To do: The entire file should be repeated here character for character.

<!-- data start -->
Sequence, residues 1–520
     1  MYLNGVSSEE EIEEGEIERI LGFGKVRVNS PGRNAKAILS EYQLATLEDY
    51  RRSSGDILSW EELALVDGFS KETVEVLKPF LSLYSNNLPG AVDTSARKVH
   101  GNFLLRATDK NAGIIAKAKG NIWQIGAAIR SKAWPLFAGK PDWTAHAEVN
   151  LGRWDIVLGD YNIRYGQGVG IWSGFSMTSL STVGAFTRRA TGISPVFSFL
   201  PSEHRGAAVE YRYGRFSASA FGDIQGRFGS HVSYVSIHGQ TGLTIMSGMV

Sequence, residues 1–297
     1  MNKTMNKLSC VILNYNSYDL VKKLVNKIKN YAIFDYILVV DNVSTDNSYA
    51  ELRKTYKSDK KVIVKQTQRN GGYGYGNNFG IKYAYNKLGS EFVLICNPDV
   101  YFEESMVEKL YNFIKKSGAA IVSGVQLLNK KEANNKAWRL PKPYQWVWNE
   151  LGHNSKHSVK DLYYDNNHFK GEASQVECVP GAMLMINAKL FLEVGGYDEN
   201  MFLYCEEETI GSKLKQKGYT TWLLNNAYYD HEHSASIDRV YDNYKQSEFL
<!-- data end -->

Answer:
Sequence, residues 1–520
     1  MYLNGVSSEE EIEEGEIERI LGFGKVRVNS PGRNAKAILS EYQLATLEDY
    51  RRSSGDILSW EELALVDGFS KETVEVLKPF LSLYSNNLPG AVDTSARKVH
   101  GNFLLRATDK NAGIIAKAKG NIWQIGAAIR SKAWPLFAGK PDWTAHAEVN
   151  LGRWDIVLGD YNIRYGQGVG IWSGFSMTSL STVGAFTRRA TGISPVFSFL
   201  PSEHRGAAVE YRYGRFSASA FGDIQGRFGS HVSYVSIHGQ TGLTIMSGMV

Sequence, residues 1–297
     1  MNKTMNKLSC VILNYNSYDL VKKLVNKIKN YAIFDYILVV DNVSTDNSYA
    51  ELRKTYKSDK KVIVKQTQRN GGYGYGNNFG IKYAYNKLGS EFVLICNPDV
   101  YFEESMVEKL YNFIKKSGAA IVSGVQLLNK KEANNKAWRL PKPYQWVWNE
   151  LGHNSKHSVK DLYYDNNHFK GEASQVECVP GAMLMINAKL FLEVGGYDEN
   201  MFLYCEEETI GSKLKQKGYT TWLLNNAYYD HEHSASIDRV YDNYKQSEFL